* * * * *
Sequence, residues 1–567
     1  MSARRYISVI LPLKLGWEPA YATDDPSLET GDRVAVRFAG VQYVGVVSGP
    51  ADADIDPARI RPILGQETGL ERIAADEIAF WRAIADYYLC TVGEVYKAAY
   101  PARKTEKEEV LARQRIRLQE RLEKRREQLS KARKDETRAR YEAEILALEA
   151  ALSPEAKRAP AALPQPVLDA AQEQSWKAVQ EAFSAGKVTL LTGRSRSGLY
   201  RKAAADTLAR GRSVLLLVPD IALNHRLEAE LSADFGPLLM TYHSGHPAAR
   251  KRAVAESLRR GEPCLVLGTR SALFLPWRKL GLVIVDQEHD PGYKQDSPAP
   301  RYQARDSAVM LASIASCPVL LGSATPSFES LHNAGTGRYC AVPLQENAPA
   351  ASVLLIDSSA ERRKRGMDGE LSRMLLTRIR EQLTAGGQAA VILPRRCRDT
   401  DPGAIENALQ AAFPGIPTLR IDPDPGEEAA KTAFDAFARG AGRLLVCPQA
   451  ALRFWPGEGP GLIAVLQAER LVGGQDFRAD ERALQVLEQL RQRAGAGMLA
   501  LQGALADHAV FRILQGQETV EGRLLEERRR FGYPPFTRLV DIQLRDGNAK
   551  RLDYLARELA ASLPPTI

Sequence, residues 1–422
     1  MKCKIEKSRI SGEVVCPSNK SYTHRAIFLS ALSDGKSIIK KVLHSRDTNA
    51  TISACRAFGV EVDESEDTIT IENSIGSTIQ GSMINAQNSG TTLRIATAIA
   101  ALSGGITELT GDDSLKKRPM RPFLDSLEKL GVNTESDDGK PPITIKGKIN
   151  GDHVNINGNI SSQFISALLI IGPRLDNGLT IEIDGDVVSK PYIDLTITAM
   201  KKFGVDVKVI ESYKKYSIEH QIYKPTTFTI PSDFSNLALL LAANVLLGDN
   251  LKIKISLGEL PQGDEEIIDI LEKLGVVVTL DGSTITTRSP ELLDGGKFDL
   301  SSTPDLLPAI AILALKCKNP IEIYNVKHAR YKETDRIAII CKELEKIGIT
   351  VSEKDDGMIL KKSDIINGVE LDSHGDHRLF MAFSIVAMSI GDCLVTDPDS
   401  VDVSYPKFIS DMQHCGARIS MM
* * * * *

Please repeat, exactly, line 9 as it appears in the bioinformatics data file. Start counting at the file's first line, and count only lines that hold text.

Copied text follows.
   351  ASVLLIDSSA ERRKRGMDGE LSRMLLTRIR EQLTAGGQAA VILPRRCRDT